It’s hard to believe that the England national team have had a problem with creativity for years. After all, when it comes to attacking midfielders, the Three Lions boast the kind of depth most countries can only dream of.
Gareth Southgate has a wealth of options at his disposal and has slowly started introducing those creative midfielders to his squad. There are so many players battling it out, but ultimately, not all of them can make it into the Euro 2020 squad.
Let’s take a look at who’s out there.
Dele Alli’s biggest problem these days is that nobody really knows what he’s like as a player anymore.
The powerful goal-and-assist machine of a few years ago began to fade away under Mauricio Pochettino and has completely disappeared under Jose Mourinho.
If he can get back in the Tottenham side, he might be able to give Southgate something to think about, but at the minute, he’s well out of the reckoning.
Happy to do the dirty work, Alex Oxlade-Chamberlain has everything needed to be a favourite under Southgate… apart from a reliable track record.
There will always be the dark cloud of fitness concerns for Oxlade-Chamberlain to deal with, but even when he’s fit, it’s still not clear which is his best position.
He’s yet to completely convince as a central midfielder, often spending some time as a winger for Liverpool, and he hasn’t shown anything to make him feel more like a backup option at best.
The creative hub for England just three years ago, Jesse Lingard’s career has stalled somewhat recently, but he’s well on track to figuring things out.
Having left Manchester United for West Ham, Lingard has a platform to showcase what he is all about. He might not be the man who racks up goals and assists, but few players are as positive in their play style as Lingard.
He’s still got a lot to prove, but there’s enough about Lingard to suggest that he’s in with an outside chance of making the squad for the summer’s European Championships.
At times, Ross Barkley can look like the best midfielder on the planet. He’s a marauding powerhouse with a fantastic eye for goal, and those skills mean the Chelsea loanee has to be considered for a role.
His stock has undoubtedly risen during his loan with Aston Villa, but Barkley still hasn’t totally shaken concerns which have followed him his entire life. When he’s not creating, he’s not really doing much.
Another thing which doesn’t work in Barkley’s favour is his limited versatility. He’s good as a ten or an eight, but he won’t work deep and will be underwhelming out wide.
James Ward-Prowse has been on the radar of the England staff ever since he was 15 years old and playing in the Under-17s. He captained the Under-21 side for the best part of two years, but Ward-Prowse has never really made a breakthrough to the senior setup.
Once seen as little more than a dead-ball specialist, Ward-Prowse has upped his game tremendously in recent years and is probably Southgate’s dream midfielder. The Southampton star is hard-working and prepared to defend, but capable of unleashing a great pass to kick-start an attack.
Plus, his skills from free-kicks and corners can’t be ignored. Ward-Prowse is dangerous from set-pieces, so he’ll always have a case to be included in any squad.
Concerns about Phil Foden’s involvement at club level are fading away with each passing minute.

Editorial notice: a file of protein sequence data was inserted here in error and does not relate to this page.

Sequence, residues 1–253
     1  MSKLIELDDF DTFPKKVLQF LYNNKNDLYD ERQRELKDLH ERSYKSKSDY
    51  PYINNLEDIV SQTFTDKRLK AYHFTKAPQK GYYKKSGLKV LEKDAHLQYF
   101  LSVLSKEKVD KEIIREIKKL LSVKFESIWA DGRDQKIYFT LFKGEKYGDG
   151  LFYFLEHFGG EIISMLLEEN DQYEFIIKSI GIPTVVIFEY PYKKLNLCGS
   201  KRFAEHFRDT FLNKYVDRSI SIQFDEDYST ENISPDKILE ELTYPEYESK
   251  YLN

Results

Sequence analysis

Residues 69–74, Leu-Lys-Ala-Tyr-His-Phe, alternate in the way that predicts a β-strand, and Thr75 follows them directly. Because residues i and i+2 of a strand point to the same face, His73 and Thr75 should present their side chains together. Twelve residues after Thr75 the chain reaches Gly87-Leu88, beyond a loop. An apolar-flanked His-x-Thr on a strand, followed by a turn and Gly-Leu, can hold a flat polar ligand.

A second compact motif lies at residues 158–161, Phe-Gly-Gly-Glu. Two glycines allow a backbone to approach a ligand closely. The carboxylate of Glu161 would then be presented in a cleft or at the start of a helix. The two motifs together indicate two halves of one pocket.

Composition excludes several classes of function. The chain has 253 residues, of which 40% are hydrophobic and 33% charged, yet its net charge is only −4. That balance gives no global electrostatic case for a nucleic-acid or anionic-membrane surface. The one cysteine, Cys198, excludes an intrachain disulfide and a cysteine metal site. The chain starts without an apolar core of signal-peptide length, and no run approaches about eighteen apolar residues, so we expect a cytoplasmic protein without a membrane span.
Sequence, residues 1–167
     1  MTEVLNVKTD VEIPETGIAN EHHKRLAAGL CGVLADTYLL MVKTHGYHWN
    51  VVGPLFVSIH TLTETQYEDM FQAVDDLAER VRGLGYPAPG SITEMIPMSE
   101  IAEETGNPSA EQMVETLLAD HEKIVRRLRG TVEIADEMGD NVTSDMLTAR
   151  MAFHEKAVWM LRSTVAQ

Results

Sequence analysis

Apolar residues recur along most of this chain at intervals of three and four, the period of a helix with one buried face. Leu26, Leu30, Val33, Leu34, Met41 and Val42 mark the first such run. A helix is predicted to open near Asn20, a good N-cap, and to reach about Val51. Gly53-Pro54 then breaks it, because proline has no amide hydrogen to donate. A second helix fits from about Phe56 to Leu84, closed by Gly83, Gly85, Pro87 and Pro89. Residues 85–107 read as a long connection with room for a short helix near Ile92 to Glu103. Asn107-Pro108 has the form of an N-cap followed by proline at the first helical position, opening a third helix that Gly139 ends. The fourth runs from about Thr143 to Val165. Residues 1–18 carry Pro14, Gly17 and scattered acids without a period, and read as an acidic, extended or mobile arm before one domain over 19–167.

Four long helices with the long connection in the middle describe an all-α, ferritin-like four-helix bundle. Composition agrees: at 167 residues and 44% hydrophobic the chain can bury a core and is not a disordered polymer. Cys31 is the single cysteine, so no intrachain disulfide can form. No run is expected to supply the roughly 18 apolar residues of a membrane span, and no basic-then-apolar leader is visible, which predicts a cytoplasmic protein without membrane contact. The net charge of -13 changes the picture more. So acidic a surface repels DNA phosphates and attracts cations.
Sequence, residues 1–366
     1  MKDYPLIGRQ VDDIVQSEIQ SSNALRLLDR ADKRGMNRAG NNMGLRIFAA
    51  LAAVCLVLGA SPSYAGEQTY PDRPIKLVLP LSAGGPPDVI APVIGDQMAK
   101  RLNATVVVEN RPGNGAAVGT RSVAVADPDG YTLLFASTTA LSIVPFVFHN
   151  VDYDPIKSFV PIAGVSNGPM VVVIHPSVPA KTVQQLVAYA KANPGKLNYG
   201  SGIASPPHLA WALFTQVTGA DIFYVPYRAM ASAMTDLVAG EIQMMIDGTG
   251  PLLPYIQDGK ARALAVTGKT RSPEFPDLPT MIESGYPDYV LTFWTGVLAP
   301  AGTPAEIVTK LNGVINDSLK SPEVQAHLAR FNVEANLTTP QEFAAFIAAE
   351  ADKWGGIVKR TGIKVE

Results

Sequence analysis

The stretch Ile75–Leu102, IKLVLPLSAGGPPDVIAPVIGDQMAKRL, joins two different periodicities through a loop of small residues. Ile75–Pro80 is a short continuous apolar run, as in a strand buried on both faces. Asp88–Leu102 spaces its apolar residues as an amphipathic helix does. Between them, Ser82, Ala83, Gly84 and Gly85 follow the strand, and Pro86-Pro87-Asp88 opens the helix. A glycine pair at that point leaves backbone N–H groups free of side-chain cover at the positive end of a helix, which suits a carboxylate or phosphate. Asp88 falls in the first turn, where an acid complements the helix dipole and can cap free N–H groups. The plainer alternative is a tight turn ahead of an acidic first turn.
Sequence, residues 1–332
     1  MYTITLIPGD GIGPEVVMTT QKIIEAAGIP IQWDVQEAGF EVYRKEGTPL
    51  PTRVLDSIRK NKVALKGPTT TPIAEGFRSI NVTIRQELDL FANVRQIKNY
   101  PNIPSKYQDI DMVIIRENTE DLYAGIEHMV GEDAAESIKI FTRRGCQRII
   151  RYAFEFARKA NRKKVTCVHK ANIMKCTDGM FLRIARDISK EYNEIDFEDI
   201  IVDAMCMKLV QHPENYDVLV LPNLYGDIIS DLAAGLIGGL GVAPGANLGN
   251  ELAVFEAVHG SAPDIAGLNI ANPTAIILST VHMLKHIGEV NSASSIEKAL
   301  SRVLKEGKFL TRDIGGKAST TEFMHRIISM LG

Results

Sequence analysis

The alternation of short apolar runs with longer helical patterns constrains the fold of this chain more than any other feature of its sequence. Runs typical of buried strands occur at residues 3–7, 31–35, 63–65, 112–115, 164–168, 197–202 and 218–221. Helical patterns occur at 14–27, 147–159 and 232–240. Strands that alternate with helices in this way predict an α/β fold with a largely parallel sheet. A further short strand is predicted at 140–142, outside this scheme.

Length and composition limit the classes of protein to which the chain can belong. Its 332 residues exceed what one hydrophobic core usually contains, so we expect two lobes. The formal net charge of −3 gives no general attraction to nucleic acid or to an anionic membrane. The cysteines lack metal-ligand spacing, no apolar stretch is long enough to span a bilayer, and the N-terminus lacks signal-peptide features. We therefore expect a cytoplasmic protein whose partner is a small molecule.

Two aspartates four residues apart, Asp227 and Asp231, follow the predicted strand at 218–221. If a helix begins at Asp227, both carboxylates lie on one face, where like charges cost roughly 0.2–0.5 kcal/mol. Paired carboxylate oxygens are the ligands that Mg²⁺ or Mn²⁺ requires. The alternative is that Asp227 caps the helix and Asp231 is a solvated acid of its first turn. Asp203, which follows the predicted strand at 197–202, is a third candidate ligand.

The Manchester City starlet is quickly blossoming into one of Pep Guardiola’s most dependable players, but most importantly, Foden is having a consistent impact against high-level opposition. That’s all England fans have ever wanted from him.
If there’s one thing that works against Foden, it’s that he hasn’t really been used in midfield. Guardiola likes to deploy him out on the left or even as a false nine, and while he’s excelling in those roles, his suitability as a central midfielder still remains up in the air a little.
Mason Mount has often been misunderstood during his young career. A lot of fans don’t see what the Chelsea man brings to the table, but Mount is one of those players who doesn’t do his work on the stat sheet.
He’s not scared of goals and assists, but Mount isn’t exactly the most prolific player. What he lacks in end product, he makes up for with work rate, desire and willingness to work hard.
Mount’s ability to play on the half turn is astonishing, but when he’s not trying to advance possession, he’s relishing the physical battle to recover the ball.
A real victim of the level of competition, it’s almost unfathomable that James Maddison has been on the periphery of the England setup for so long.
Concerns about Maddison’s attitude have been alleviated by his willingness to work hard under Leicester boss Brendan Rodgers, who has made it clear that nothing less than 110% will be tolerated, and we’ve been seeing the best of Maddison this season.
With his love for both a goal and an assist, Maddison is the kind of creative player Southgate’s England has been crying out for for years. It’s just a shame that there’s somebody else vying for his spot.
Simply put, if you want someone to create chances for you, there are few players in world footballer better equipped to help than Jack Grealish.
Few players on the planet can ask questions of defenders quite like Grealish, who is an all-round monster when it comes to attacking. His bread-and-butter is assisting, but he’s more than happy to chip in with a goal or two when the chance arises.
What sets Grealish apart from the rest is his ability to have that kind of impact in any area of the pitch. Whether as an eight, a ten or a left winger, you know exactly what you’re going to get from the Villa talisman, who has already flashed his brilliance on the international stage.
If there can be only one answer to the question, that answer has to be Grealish.
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